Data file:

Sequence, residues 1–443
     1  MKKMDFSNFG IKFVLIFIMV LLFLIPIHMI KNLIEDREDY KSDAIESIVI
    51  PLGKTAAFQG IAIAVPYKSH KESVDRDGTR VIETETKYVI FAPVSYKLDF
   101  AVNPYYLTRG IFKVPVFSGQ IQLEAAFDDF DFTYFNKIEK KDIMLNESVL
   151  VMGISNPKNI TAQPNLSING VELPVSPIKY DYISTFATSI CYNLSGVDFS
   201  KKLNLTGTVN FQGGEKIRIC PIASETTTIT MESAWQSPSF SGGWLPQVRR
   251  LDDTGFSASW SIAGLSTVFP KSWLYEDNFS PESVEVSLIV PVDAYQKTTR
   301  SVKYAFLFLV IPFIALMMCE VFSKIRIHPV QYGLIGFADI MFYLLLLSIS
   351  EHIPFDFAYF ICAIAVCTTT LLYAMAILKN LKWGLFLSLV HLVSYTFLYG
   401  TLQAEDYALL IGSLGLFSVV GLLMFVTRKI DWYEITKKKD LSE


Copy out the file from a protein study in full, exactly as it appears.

Sequence, residues 1–443
     1  MKKMDFSNFG IKFVLIFIMV LLFLIPIHMI KNLIEDREDY KSDAIESIVI
    51  PLGKTAAFQG IAIAVPYKSH KESVDRDGTR VIETETKYVI FAPVSYKLDF
   101  AVNPYYLTRG IFKVPVFSGQ IQLEAAFDDF DFTYFNKIEK KDIMLNESVL
   151  VMGISNPKNI TAQPNLSING VELPVSPIKY DYISTFATSI CYNLSGVDFS
   201  KKLNLTGTVN FQGGEKIRIC PIASETTTIT MESAWQSPSF SGGWLPQVRR
   251  LDDTGFSASW SIAGLSTVFP KSWLYEDNFS PESVEVSLIV PVDAYQKTTR
   301  SVKYAFLFLV IPFIALMMCE VFSKIRIHPV QYGLIGFADI MFYLLLLSIS
   351  EHIPFDFAYF ICAIAVCTTT LLYAMAILKN LKWGLFLSLV HLVSYTFLYG
   401  TLQAEDYALL IGSLGLFSVV GLLMFVTRKI DWYEITKKKD LSE